Grace, officials indicted in Mont.

Md. company is charged over asbestos exposure

February 08, 2005|By Meredith Cohn and Stacey Hirsh | Meredith Cohn and Stacey Hirsh,SUN STAFF

W.R. Grace & Co. and seven current and former executives were indicted yesterday by a federal grand jury on charges of knowingly exposing residents of a small Montana town to asbestos that has made at least 1,200 of them sick, according to the U.S. Justice Department.

The Columbia-based company could face hundreds of millions of dollars in fines and the executives could be sentenced to five to 70 years in prison if convicted of all charges in the 10-count indictment, which was handed up in Missoula, Mont.

In addition to endangering residents of Libby, where it once operated the world's largest vermiculite mine, Grace and its officials are also accused of concealing information about the health effects of its mining operations, obstructing the government's cleanup efforts and wire fraud.

"A human and environmental tragedy has occurred in Libby," said Montana's U.S. Attorney William W. Mercer.

Grace and the executives deny any criminal wrongdoing, the company said yesterday in a statement.

The $1.8 billion company, which employs 1,200 in Maryland and 6,000 worldwide, sought bankruptcy protection in 2001 to shield itself from more than 100,000 asbestos-related lawsuits. Officials said in November that the grand jury indictment was expected.

"The individuals who make up the global Grace team are the best in the world," the statement said. "They care deeply about our customers, about their co-workers and about the communities in which they live and raise their families."

Grace operated the Libby mine from 1963 to 1990. It produced vermiculite, which was used in common commercial products such as attic insulation, fireproofing and masonry fill.

The government says the vermiculite was contaminated with a form of asbestos called tremolite. Asbestos, banned in most products since 1989, is regulated under the federal Clean Air Act as a hazardous air pollutant, and studies have shown that it causes life-threatening diseases including lung cancer.

The indictment alleges that Grace discovered in the late 1970s that material from its mine was toxic but that it, nevertheless, allowed workers to leave the mine covered in asbestos dust and also allowed residents to take waste vermiculite for use in their gardens.

Grace also provided mine material for the surfaces of running tracks at Libby's high school and junior high school, and for the foundation of an outdoor ice rink at its elementary school, according to the indictment.

The indictment, citing memos from company officials, contends that officials knew of the danger of the mine and its materials but concealed it.

In 1979, a doctor in Libby, Richard Irons, wrote a letter to Grace proposing that the company study mine workers' health, but the company declined. In an internal memo, a company official wrote about the study, "Irons is turning the screw. ... We either play the game his way or he's going to blow the whistle."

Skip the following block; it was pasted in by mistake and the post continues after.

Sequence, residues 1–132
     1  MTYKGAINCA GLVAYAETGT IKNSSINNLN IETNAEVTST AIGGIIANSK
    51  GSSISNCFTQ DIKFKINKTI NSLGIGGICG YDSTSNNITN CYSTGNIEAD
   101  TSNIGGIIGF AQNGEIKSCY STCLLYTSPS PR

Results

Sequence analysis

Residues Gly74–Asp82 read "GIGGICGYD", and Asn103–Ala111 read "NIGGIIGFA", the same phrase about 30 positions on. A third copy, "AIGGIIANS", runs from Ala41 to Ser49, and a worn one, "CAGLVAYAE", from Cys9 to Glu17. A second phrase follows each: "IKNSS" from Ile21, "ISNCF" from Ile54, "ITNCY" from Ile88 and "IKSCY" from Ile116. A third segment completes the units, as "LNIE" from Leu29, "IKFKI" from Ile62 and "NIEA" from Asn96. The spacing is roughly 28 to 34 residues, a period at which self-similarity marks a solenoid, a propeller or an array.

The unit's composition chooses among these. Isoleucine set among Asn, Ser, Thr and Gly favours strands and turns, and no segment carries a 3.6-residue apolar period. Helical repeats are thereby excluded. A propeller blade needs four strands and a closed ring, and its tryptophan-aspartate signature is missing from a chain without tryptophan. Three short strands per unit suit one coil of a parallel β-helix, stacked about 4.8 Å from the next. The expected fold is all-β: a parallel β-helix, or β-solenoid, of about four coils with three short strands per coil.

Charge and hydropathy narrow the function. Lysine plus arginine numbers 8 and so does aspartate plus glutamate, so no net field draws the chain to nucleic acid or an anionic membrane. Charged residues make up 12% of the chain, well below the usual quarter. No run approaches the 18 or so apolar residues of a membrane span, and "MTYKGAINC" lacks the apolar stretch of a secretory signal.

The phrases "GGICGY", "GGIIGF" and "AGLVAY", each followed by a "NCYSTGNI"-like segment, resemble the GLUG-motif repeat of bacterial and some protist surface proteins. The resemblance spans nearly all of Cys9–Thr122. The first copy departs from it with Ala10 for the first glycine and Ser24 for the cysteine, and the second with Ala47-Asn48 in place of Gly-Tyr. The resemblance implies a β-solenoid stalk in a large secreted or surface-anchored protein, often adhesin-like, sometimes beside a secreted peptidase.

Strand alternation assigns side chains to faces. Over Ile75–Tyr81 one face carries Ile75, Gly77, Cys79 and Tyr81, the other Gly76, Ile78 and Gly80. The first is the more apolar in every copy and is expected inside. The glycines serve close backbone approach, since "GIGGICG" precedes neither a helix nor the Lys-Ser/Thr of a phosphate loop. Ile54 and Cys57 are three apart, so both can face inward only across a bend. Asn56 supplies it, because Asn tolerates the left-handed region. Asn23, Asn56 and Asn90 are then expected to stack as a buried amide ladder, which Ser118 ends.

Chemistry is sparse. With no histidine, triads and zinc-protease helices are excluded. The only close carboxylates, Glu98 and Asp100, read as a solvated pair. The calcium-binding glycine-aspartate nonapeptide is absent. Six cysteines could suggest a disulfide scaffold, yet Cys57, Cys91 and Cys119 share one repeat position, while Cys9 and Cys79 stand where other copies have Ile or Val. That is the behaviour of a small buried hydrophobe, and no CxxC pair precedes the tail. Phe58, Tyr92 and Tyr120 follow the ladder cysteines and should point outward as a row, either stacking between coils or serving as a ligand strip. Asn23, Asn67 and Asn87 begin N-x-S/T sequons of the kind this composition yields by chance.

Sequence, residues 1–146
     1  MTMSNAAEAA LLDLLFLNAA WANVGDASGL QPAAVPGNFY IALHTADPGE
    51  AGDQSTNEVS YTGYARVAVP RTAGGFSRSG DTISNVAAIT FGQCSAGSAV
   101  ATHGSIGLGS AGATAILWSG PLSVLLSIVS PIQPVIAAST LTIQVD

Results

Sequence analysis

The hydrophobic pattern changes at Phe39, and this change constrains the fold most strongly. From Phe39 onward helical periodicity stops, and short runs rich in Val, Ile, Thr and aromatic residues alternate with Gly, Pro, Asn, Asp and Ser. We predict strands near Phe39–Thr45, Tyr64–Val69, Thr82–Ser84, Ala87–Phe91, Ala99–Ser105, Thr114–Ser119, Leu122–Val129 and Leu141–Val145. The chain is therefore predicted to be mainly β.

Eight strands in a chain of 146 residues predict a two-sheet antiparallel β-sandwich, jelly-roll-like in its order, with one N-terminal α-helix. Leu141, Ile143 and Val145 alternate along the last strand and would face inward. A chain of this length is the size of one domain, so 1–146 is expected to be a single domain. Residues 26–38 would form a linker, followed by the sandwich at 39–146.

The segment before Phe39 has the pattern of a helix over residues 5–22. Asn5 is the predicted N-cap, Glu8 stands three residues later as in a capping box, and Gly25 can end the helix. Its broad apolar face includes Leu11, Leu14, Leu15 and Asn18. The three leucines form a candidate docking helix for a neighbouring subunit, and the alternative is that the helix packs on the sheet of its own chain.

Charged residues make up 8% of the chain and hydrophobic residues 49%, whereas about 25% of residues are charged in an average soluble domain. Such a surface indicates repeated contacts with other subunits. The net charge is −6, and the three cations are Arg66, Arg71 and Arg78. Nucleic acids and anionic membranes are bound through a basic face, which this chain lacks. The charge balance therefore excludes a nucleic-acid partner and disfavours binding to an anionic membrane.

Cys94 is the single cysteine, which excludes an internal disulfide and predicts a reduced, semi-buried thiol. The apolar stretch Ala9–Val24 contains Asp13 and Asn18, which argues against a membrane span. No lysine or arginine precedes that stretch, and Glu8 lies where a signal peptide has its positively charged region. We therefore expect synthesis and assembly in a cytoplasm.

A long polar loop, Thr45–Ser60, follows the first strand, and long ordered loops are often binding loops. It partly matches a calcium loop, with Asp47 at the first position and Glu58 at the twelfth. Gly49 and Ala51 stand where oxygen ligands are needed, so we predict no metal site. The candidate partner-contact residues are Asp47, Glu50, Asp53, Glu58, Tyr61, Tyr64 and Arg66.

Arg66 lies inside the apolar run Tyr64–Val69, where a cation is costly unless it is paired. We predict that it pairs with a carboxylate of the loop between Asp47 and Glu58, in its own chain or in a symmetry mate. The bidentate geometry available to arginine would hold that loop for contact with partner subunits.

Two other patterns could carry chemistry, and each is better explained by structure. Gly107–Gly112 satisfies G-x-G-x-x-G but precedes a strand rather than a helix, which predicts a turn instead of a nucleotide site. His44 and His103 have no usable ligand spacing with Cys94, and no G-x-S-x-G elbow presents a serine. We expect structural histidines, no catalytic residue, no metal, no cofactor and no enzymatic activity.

Another memo written in 1982 by a company official said, "Our major problem is death from respiratory cancer. This is no surprise."

The company, the indictment states, closed the mine in the early 1990s and sold the properties to local buyers without disclosing the contamination. One of the properties was used as a residence and commercial nursery.

The Environmental Protection Agency responded to reports of asbestos contamination in 1999 and declared the mine a Superfund site. By 2001, the agency had spent about $55 million on the cleanup. Two years later, a federal judge ordered that Grace repay the full amount.

Grace said it has spent millions on its own cleaning up Libby and the surrounding area, now home to about 9,000 people.

In addition to Grace, the indictment names as defendants three current employees: Alan R. Stringer, the former Libby mine supervisor and now a Grace representative for the EPA cleanup effort; Robert J. Bettacchi, a former official in the construction products division and now president of the division; and O. Mario Favorito, a former corporate legal counsel and now a Grace assistant secretary and chief group counsel.

Former employees Henry A. Eschenbach, Jack W. Wolter, William J. McCaig and Robert C. Walsh were also indicted.

David Benefield, who lives in Libby and has lost several family members to asbestos-related diseases, said the indictments give vindication to some residents who have been fighting Grace for the past several years.

"I think it's going to give some closure to some of the town members, especially the ones that are suffering with the disease," said Benefield, who said that he and his wife suffer from asbestos-related illnesses.

Benefield said Libby was a company town, and some residents were reluctant to turn their backs on Grace because it lent such strong economic support to their community. Half the town didn't believe the company would do anything harmful to them, he said.

But now he estimates that the contaminated ice rink endangered about 1,000 children who went to the school.

"Some of the teachers said that when the kids came into the school that stuff would be all over their coats and even in their pockets," Benefield said. "Pretty nasty."

A lawyer with McGarvey, Heberling, Sullivan and McGarvey, the firm that represents 550 individuals who claim injuries or deaths in their families from exposure to asbestos from the Grace mine and mill, said it's been a long battle.

"We've contended for some time that Grace's ruthless policy of putting profits over people have injured hundreds of innocent people," Roger Sullivan, said. "Now we'll find out if Grace's senior employees have violated any criminal laws."

An arraignment date in Missoula has not been set.

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